Book #2: The 5 Levels of Leadership by John Maxwell

Thinking about business leadership, management, and culture guru’s, John C. Maxwell rises to the top of most recommendation lists without hesitation. As an avid listener of the John Maxwell Leadership Podcast (hosted by the wonderful Mark Cole), which focuses in on specific teachings and principles taken from John’s lessons, I knew I would be in for a fantastic read, but importantly, an opportunity to step back and evaluate myself and my own personal mindset.

I’ve actually only read one of his books before, but as a relatively new manager myself, I thought it was time to read The 5 Levels of Leadership.

John breaks it down crisply (as its clear he always does), but I assure you the additional context for each is worth breaking through this initial layer of guidance:

LEVEL 1: POSITION
People follow you because they have to.

LEVEL 2: PERMISSION
People follow you because the want to.

LEVEL 3: PRODUCTION
People follow because of what you have done for the organization.

LEVEL 4: PEOPLE DEVELOPMENT
People follow because of what you have done for them.

LEVEL 5: PINNACLE
People follow because of who you are and what you represent.

I had the pleasure of seeing John speak live in Birmingham, Alabama and his voice and presence in the room are amazing. If you get the opportunity to hear John speak…cancel your other plans, and do it. You will not regret it.

For me, this book comes across less as a self help book, and more a self discovery book. Ultimately, it leads you down a path to understanding the kind of leader you likely are in current form, and opens the door to a fresh understanding of the leader you could become.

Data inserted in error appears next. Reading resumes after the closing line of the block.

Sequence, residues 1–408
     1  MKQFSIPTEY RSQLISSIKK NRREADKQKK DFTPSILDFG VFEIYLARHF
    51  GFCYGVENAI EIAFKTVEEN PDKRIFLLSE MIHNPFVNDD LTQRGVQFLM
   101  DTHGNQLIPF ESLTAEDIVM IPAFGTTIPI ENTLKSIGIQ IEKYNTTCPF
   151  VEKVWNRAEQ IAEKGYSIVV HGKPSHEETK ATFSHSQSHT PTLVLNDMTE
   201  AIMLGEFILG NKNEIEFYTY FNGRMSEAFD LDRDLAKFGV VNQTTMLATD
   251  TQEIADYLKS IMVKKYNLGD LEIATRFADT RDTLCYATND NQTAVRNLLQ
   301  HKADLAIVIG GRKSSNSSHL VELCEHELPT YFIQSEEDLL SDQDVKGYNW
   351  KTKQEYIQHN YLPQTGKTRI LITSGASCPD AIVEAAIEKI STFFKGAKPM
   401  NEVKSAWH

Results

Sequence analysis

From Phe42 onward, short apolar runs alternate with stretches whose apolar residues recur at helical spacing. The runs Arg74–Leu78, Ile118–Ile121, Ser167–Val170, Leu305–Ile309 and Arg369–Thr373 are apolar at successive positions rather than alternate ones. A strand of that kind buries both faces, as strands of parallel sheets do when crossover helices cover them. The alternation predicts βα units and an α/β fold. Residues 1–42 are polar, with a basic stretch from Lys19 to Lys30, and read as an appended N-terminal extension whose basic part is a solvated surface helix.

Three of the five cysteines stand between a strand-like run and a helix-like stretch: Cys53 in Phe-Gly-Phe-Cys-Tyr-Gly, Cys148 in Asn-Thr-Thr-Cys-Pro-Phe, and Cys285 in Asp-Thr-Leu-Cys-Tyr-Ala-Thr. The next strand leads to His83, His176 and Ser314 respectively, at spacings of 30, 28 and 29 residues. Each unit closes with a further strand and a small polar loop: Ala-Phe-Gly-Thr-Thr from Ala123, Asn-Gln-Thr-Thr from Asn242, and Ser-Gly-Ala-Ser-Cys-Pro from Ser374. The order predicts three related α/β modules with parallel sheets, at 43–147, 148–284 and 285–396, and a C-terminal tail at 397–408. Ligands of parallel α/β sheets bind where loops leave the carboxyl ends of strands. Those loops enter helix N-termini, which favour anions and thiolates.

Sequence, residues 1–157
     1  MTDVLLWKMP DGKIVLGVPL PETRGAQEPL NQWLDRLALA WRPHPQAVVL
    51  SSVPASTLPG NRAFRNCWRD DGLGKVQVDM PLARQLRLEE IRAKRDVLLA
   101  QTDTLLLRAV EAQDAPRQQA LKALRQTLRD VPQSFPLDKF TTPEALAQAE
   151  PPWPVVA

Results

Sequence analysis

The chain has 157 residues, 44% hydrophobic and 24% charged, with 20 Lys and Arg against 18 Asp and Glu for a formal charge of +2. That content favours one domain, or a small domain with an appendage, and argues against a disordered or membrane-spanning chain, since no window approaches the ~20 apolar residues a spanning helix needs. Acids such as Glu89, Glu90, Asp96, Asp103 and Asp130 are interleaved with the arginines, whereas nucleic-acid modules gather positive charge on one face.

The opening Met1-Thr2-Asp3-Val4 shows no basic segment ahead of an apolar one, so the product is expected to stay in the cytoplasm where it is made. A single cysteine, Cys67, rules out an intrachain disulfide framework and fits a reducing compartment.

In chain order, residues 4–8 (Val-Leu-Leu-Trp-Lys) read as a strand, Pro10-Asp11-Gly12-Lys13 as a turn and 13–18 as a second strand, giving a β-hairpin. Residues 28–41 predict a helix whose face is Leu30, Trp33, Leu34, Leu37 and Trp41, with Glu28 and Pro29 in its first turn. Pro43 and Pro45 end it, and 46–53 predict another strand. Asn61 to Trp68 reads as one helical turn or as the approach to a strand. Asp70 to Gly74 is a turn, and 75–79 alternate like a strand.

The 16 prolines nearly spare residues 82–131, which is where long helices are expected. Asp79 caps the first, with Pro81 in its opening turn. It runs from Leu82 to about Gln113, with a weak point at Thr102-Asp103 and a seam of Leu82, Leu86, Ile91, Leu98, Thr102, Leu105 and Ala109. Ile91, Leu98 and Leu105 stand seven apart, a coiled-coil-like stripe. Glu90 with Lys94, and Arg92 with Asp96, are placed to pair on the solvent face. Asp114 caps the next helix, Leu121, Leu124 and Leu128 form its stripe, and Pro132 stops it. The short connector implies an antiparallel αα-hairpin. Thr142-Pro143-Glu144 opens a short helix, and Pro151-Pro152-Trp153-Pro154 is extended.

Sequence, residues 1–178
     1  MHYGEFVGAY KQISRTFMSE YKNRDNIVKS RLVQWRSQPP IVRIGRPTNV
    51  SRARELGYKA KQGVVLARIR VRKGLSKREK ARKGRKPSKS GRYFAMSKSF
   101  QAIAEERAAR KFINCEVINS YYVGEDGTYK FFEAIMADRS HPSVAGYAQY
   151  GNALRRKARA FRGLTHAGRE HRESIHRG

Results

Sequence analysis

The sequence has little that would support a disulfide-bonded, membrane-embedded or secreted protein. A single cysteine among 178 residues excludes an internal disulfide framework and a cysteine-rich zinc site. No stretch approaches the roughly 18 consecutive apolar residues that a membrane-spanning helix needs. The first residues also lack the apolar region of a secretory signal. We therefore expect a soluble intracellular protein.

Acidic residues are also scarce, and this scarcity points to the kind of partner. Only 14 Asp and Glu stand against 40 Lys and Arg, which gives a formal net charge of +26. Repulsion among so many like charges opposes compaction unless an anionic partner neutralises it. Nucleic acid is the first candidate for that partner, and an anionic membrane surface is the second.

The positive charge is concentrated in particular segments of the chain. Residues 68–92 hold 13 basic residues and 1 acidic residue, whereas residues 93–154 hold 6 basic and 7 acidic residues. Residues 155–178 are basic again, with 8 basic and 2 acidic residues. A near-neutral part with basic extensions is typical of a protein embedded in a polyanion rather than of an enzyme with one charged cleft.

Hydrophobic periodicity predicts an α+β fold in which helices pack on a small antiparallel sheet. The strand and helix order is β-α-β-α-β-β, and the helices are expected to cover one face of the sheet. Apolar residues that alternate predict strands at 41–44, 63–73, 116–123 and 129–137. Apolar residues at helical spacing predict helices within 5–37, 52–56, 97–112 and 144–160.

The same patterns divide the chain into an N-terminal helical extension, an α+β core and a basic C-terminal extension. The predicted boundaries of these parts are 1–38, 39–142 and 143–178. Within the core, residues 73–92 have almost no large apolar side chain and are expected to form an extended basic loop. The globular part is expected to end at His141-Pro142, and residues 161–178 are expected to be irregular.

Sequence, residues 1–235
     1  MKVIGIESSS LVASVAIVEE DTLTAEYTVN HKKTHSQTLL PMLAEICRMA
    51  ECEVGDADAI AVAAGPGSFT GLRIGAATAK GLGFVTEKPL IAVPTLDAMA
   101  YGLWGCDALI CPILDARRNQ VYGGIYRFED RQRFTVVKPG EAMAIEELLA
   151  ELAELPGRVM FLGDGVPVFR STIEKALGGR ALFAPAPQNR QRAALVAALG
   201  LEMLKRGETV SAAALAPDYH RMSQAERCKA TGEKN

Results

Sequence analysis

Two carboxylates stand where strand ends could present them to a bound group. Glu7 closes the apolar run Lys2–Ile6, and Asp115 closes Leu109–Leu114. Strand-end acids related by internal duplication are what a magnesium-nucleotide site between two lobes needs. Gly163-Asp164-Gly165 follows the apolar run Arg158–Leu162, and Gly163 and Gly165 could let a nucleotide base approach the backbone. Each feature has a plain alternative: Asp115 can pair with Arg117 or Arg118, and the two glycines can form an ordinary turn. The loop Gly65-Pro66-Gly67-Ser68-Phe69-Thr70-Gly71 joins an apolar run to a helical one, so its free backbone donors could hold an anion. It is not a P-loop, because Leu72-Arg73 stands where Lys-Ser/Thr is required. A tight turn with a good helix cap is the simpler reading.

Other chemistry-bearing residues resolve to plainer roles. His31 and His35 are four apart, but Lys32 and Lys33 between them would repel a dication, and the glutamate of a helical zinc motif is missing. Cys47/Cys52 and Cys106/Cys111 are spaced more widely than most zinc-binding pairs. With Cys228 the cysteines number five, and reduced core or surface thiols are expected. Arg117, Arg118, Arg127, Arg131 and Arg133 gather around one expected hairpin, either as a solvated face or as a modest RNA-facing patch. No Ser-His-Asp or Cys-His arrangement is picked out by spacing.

I think this book is a must read for anyone and everyone in the business world. Get yourself a copy of the book and subscribe to the podcast.

#Forestry #Investing #Leadership #sustainability #bookrecommendations #podcast #development #management #people #culture

My 2022 Book List

Earlier this year, I committed to reading much more than is typical for me. My full book list for what I currently plan to read this year (2022) is now posted.

The list is flexible so I’d love some additional recommendations for other “must reads” that should be added/substituted!

Once I finish each, I’ll offer my thoughts and provide any specific text I thought was worth highlighting.

Click Here to head to the Book List Page.

#forestry #investing #Leadership #Sustainability #books

The Not So Hidden Life of Trees

“Trees are not lumber production machines. We’re talking about feeling beings…” – The Hidden Life of Trees (Movie Trailer)

While I’ve not yet read the book “The Hidden Life of Trees” by Peter Wohlleben, I’ve recently learned a film was produced under the same name. The book has garnered worldwide attention and so I’ve moved this title up on my list for consumption. Having now watched the movie trailer, the aforementioned quote caught my attention which may indicate the book/movie should fall into a long-term classification as merely one mans perspective, and not a book of universal truths.

While I am excited to start this title, I have noticed that the author does not seem to focus any attention towards the US South which is widely known as the “wood basket of the world”, and makes up approximately 40 percent of the USA’s forested acreage. I’m interested to see what considerations are highlighted in the book/movie in light of the authors disregard for this important contributor to the worlds forests.

Forests are a broad group of biological systems for which a mosaic of diverse ecosystems apply. All forests left to their own devices eventually end up in a [slow] biological tug-of-war, with plants fighting for available resources, often leading increased natural hazard risks potentially impacting the ecosystem itself and the humans that depend on these resources.